Home Diabetes and Endocrinology RYGB Cuts Markers of Oxidative Stress in Subcutaneous Tissue

RYGB Cuts Markers of Oxidative Stress in Subcutaneous Tissue

Fifty percent decrease in oxidative stress; no change in inflammatory markers in subcutaneous tissue

FRIDAY, May 29, 2015 (HealthDay News) — Roux-en-Y gastric bypass (RYGB) surgery attenuates markers of oxidative stress in subcutaneous adipose tissue, according to a study published online May 22 in Diabetes.

X. Julia Xu, Ph.D., from the Boston University School of Medicine, and colleagues examined how AMP-activated protein kinase (AMPK) activity, oxidative stress, and inflammation are affected by RYGB surgery. Data were included from 11 patients who were examined immediately prior to and three months after surgery.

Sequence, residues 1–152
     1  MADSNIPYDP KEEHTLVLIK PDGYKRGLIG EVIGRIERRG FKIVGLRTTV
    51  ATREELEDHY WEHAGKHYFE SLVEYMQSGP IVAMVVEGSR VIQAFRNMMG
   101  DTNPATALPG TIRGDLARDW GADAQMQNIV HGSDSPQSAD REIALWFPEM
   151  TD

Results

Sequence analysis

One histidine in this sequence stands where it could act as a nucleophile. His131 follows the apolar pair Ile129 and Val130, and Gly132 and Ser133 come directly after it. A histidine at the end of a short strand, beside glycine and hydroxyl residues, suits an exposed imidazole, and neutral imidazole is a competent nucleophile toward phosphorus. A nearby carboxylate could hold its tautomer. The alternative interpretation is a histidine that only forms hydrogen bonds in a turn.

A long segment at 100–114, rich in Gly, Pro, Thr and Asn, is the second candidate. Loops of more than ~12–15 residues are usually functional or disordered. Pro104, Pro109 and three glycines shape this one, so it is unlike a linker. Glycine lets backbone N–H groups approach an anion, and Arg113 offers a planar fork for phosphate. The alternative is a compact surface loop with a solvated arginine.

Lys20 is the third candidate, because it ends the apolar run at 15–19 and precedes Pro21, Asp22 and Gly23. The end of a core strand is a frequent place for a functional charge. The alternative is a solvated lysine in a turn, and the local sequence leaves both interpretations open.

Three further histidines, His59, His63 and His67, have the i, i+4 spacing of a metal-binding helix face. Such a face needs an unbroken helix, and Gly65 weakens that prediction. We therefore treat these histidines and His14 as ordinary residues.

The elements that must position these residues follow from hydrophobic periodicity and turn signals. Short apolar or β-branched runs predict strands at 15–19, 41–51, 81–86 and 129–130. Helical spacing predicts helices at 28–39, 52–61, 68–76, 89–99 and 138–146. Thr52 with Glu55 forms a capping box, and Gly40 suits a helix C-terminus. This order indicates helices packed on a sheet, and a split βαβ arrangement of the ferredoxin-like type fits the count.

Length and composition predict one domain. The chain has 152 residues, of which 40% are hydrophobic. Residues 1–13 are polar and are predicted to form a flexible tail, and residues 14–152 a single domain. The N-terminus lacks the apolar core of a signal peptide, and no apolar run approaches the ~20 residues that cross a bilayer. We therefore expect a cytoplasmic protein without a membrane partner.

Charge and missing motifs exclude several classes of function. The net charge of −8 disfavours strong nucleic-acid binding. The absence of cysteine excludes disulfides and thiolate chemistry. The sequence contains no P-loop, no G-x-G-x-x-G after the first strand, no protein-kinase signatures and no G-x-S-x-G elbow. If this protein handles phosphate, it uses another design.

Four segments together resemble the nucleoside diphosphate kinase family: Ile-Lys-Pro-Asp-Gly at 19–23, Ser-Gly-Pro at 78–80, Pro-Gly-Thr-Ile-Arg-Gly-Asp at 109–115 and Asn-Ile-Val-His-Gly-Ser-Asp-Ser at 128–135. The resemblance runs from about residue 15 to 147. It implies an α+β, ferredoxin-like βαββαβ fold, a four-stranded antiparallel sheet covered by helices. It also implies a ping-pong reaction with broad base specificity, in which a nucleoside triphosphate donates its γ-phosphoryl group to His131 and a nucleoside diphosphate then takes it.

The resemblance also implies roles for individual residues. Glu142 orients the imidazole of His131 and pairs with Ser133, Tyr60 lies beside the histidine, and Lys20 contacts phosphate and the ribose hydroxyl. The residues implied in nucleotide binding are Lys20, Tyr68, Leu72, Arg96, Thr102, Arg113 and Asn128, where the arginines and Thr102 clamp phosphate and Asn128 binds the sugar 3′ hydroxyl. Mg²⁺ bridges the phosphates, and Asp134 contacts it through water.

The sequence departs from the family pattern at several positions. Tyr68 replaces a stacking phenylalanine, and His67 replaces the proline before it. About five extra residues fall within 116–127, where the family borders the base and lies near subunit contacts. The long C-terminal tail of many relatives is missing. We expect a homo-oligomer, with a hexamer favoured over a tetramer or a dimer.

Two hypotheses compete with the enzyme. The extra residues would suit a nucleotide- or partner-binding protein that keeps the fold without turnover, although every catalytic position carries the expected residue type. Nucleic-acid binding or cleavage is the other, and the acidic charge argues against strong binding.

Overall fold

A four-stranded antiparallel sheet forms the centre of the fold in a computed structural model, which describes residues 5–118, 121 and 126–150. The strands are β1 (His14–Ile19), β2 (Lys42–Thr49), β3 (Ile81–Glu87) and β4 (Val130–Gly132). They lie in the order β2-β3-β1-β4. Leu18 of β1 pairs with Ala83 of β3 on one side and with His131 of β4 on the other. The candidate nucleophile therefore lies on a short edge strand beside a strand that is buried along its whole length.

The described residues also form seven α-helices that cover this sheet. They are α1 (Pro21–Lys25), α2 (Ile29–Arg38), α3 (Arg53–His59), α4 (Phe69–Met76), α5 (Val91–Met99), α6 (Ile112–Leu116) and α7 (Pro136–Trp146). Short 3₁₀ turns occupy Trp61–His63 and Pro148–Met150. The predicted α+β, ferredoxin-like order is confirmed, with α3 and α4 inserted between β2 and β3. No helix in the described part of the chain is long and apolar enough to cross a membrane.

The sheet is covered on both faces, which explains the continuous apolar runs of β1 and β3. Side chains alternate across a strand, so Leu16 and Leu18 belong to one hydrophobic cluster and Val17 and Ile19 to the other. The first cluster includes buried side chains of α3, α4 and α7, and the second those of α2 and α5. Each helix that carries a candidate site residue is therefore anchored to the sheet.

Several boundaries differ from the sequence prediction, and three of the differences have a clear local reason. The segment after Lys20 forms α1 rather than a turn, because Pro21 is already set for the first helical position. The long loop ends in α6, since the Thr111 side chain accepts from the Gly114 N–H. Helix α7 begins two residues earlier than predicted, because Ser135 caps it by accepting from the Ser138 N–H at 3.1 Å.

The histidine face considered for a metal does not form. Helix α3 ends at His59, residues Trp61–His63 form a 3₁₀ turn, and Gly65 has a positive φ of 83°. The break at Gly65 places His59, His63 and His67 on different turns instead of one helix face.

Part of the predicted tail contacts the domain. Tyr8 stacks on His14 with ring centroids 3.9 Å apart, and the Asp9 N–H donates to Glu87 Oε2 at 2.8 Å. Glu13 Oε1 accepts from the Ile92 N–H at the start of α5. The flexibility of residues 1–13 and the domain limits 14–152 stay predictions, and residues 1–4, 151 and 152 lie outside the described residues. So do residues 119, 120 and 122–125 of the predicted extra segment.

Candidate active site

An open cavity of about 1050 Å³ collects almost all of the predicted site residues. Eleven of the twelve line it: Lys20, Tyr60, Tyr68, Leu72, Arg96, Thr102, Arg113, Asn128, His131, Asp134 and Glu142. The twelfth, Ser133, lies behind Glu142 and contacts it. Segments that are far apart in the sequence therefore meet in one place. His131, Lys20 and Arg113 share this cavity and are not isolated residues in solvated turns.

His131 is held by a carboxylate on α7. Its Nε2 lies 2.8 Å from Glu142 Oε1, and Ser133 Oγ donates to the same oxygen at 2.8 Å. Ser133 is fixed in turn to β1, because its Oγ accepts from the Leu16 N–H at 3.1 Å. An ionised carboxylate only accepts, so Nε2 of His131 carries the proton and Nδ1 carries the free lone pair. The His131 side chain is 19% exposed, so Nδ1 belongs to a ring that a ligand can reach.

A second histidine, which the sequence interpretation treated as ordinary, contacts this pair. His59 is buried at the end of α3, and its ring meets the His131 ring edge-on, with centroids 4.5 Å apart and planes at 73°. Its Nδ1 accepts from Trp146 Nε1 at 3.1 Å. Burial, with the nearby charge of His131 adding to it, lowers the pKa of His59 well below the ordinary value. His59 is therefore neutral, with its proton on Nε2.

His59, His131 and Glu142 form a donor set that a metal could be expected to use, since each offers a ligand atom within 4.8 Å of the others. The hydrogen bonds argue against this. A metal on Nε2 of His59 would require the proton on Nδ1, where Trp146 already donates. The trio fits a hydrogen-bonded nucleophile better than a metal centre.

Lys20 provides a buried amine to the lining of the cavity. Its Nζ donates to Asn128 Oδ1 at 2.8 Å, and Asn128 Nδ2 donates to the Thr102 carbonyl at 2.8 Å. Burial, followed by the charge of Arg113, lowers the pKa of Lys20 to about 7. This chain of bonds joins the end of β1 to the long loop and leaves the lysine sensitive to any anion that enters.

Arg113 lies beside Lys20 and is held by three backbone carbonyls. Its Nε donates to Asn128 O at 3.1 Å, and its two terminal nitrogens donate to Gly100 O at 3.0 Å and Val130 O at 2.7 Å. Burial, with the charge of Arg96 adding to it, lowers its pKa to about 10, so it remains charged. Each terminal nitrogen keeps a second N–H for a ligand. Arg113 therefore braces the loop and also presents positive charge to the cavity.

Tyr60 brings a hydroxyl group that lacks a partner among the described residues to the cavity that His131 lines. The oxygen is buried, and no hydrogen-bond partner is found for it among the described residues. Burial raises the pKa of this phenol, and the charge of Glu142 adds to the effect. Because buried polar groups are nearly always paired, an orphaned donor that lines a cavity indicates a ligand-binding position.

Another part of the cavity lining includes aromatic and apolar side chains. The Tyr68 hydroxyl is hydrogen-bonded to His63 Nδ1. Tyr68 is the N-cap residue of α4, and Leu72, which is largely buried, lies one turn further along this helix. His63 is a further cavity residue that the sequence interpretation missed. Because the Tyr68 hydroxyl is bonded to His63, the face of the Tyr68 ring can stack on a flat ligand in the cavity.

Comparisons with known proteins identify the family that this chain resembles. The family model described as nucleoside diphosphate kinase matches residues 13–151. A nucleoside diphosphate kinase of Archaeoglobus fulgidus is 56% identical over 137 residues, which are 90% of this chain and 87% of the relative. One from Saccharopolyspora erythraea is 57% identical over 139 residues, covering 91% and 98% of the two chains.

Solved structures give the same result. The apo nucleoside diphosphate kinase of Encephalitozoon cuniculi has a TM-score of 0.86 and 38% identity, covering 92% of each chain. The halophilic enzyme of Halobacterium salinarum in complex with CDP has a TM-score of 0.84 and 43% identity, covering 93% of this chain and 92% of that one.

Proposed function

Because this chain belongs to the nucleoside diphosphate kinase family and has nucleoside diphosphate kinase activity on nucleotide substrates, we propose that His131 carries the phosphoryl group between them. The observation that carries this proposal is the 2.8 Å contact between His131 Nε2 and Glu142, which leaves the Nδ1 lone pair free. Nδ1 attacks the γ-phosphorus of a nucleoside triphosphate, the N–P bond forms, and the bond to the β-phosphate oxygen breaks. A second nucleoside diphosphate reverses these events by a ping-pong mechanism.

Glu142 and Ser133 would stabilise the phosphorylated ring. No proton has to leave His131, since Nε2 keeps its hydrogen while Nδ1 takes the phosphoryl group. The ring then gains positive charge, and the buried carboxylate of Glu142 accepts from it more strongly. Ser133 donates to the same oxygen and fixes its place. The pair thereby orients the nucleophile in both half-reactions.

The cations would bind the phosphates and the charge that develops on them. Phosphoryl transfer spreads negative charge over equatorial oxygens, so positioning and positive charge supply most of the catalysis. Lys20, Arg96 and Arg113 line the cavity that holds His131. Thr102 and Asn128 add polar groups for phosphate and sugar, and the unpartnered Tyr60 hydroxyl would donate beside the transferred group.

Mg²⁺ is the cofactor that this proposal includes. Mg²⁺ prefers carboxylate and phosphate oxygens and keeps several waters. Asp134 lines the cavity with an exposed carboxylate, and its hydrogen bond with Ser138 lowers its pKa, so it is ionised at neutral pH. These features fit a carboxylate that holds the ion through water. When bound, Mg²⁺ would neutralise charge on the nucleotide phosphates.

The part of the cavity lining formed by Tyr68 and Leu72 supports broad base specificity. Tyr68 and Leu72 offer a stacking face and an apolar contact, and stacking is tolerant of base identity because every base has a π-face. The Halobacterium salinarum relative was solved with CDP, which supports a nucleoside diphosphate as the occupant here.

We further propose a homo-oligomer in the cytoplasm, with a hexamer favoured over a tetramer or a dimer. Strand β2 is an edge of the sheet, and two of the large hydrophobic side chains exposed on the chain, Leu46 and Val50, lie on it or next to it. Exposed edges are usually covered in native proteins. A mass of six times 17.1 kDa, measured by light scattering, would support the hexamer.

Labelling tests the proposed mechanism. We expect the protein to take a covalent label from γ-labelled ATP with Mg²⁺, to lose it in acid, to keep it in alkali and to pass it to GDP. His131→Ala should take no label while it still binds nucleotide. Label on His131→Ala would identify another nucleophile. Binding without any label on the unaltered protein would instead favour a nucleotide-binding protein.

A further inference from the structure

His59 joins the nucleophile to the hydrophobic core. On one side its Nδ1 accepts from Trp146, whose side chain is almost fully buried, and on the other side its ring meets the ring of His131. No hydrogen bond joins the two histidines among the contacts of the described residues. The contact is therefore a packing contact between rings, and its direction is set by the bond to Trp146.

The researchers found that AMPK activity increased 3.5-fold after surgery, and oxidative stress declined by 50 percent in subcutaneous adipose tissue. There was an 80 percent reduction in malonyl-coA levels. Patients also had improvements in their body mass index, insulin sensitivity (measured by the homeostasis model assessment), and increased circulating high molecular weight adiponectin; there was also a reduction in fasting plasma insulin levels. Postoperatively, there was no change in the expression of inflammatory markers in subcutaneous tissue, but plasma C-reactive protein was reduced by 50 percent.

“Bariatric surgery has been demonstrated to attenuate markers of oxidative stress in liver and plasma,” the authors write. “The results of the present study indicate that it has a similar effect in subcutaneous adipose tissue.”

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